WEBCHAT GUIDELINES 1. One question per member plus one follow-up. 2. Keep your question brief. 3. Don't moan if your question doesn't get answered. 4. Do be civil/polite. More here.
Live webchat with Amnesty International Tuesday 4th Feb, 11-12pm(617 Posts)
MNHQ have commented on this thread.
Following the leaking of an Amnesty International policy document 'Decriminalisation of Sex Work: Policy Background', which argues that men who buy sex are ‘exercising their autonomy’ and should be allowed to do so ‘free from government interference’ there has been considerable discussion on the site and requests for a webchat.
Today, Kate Allen, Director of Amnesty International UK will be here between 11-12pm to answer your questions.
Please do join us live on Tuesday or ask your question on this thread in advance. Just a quick reminder that it’s one question per person; take a look at our webchat guidelines, here.
How can any activity that requires full and enthusiastic consent from another party ever be an individual's human right?
So far you have avoided answering this:
How much time have you spent reading through PunterNet (or The Invisible Men project, or any of the many punter/john communities), where the men who pay to use women's bodies discuss in detail what they want, think and do?
What do you think of their choices?
How can the lives of prostitutes, many of which are prostitutes through a lack of access to a viable alternative income and/or a history of abuse, violence, addiction etc, be improved if buying sex becomes the "right" of the purchaser? Won't their limited "free" choice to be prostitutes become even more limited, their status more inferior, their chances to get out less likely etc, because the "rights" of the punters to have access to sex in "non-traditional" ways is put above and beyond the right of women to have full agency of their body?
I don't understand why the punters have to be decriminalised if the aim is to improve the situation for the prostitutes. Focus on the rights of the prostitutes, not those who, in far too many cases, buy the consent to rape.
Can I ask if Amnesty International recognises the gendered nature of prostitution and from that the power dynamics in play?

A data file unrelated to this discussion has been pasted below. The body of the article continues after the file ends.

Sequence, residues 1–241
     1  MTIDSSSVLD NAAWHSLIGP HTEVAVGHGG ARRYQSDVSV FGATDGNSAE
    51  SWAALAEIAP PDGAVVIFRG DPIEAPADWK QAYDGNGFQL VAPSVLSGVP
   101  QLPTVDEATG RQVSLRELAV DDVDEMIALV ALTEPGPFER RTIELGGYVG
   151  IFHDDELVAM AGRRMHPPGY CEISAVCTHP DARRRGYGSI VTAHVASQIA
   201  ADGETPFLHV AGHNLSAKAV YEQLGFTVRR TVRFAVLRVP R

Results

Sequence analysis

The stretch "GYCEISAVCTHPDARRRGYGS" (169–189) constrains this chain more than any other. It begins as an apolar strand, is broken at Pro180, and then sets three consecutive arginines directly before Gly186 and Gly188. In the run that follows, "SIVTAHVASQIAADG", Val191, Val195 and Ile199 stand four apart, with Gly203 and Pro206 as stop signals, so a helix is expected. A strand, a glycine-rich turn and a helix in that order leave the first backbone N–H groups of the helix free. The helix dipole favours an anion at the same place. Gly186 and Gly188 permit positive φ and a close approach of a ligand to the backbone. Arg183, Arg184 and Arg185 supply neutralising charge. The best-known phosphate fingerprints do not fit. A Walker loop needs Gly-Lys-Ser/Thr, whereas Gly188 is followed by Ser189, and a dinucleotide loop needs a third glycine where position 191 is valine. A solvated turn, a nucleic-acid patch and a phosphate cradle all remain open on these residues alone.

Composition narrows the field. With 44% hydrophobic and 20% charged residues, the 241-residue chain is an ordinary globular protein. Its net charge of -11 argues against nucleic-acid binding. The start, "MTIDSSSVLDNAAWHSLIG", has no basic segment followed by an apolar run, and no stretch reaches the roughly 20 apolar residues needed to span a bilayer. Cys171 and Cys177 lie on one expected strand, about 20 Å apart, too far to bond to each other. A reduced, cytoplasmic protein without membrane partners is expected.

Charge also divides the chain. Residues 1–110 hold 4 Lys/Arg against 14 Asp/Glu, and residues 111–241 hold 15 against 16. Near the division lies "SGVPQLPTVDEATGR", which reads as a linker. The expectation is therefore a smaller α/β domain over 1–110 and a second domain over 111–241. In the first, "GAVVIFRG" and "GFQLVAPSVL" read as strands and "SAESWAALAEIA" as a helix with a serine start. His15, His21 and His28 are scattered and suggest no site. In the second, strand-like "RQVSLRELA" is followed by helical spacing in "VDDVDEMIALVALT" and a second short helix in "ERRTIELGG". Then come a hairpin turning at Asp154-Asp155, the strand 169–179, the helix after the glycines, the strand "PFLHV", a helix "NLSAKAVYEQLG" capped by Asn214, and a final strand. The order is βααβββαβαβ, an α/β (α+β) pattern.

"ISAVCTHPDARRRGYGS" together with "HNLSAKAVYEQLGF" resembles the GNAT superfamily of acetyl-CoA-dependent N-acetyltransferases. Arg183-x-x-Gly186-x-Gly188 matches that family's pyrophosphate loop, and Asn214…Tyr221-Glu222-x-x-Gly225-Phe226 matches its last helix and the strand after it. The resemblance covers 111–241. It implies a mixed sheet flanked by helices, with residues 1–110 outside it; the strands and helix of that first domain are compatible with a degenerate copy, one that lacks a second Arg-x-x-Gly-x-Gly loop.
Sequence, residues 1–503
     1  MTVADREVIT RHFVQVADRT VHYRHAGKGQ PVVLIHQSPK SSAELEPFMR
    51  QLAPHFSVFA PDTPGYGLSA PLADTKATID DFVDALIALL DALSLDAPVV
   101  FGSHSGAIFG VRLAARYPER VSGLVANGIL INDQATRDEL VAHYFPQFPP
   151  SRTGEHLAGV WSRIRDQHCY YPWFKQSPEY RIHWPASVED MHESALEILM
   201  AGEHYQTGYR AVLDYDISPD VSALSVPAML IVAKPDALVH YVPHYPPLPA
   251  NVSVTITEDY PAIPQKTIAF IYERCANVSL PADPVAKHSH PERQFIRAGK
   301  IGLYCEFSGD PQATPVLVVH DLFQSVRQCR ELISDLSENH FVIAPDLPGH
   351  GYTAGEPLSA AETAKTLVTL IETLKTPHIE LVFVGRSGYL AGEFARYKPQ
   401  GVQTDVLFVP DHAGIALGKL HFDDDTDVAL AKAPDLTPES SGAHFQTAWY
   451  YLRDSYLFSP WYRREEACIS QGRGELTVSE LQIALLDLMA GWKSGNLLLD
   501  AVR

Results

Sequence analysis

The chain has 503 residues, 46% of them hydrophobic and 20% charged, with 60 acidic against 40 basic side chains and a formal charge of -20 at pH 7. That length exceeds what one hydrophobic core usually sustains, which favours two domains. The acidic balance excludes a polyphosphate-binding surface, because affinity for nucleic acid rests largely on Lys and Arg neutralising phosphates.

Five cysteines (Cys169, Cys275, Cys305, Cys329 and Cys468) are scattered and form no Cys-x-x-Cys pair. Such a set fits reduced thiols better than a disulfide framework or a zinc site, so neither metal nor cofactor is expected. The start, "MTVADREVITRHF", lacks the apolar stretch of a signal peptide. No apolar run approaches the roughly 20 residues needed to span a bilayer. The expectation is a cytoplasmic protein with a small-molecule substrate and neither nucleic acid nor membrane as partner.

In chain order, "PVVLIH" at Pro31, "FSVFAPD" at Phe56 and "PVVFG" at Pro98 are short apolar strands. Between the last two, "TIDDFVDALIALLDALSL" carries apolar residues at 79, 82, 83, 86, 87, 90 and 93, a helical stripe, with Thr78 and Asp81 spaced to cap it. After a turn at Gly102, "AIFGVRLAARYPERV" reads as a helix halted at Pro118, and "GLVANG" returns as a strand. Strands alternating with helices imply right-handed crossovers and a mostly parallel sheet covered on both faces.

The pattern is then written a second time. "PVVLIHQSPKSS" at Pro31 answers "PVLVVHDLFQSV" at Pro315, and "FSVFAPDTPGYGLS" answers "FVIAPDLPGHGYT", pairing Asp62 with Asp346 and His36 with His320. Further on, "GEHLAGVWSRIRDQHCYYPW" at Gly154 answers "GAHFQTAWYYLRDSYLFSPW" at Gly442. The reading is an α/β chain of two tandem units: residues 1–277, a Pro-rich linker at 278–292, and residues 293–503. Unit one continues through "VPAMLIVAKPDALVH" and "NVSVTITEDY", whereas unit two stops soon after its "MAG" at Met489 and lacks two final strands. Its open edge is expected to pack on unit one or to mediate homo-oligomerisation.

Follow up question:
If so, why is the language of the policy gender neutral, thereby eradicating women's voices and experiences and eradicating the gender oppressive nature of prostitution?
Also a cheeky 3rd question but still related to the 1st question: If you do recognise the gendered nature of prostitution, how and why do you think that has come about?
How does Amnesty define and understand legalization and decriminalization? For instance these terms are often used interchangeably and can be used to apply to the whole industry including the pimps and managers – is this what Amnesty means?
We rather want to see women decriminalised and the demand side undermined - make it a crime to buy sex. Why not?
Message withdrawn at poster's request.
Kate, you have an Open Information Policy, where you state your "members, supporters, partners, the other individuals and organisations we work with and on behalf of, and the wider public *have a right to know about what we are doing*". You are also signed up to the INGO Accountability Charter.
With that in mind, will you please state clearly which "sex workers organisations" and other interested bodies, associations and individuals had input - formal or informal - into the draft policy statement?
Thanks for your input so far. Obviously this is a hugely controversial issue and one that many people want to have their say on.
We are concerned, though, that this webchat could be derailed by new posters with a single-issue agenda.
In the light of this, we've decided to turn off new registrations overnight, as we want regular MNers' voices to be heard.
Basgetti's question! It's paradoxical to call something a human right that involves consent from another person.
Surely the right to sex is at best a qualified, or limited right? And should be dependent on finding a willing, non-coerced partner? Does AI not agree with this?
There is no way to guarantee lack of coercion within a financial transaction for sex.
I think this could lead to the biggest own-goal Amnesty has ever scored.
Very pleased to hear that people won't be able to register in an attempt to derail this discussion!
Just marking my spot, not got a question but I'm very interested in the responses to the excellent questions listed so far.
I wonder if you can explain why AIUK has decided that, rather than act as a Human Rights organisation in the matter of prostitution and prostitutes women, they have decided to only act as a Men's Rights oganisation? Wouldn't it be better to spend your precious resources on dealing with the reasons women become prostitutes, like poverty, abuse, addiction, mental health issues, learning disabilities, DV or other VAWG issues?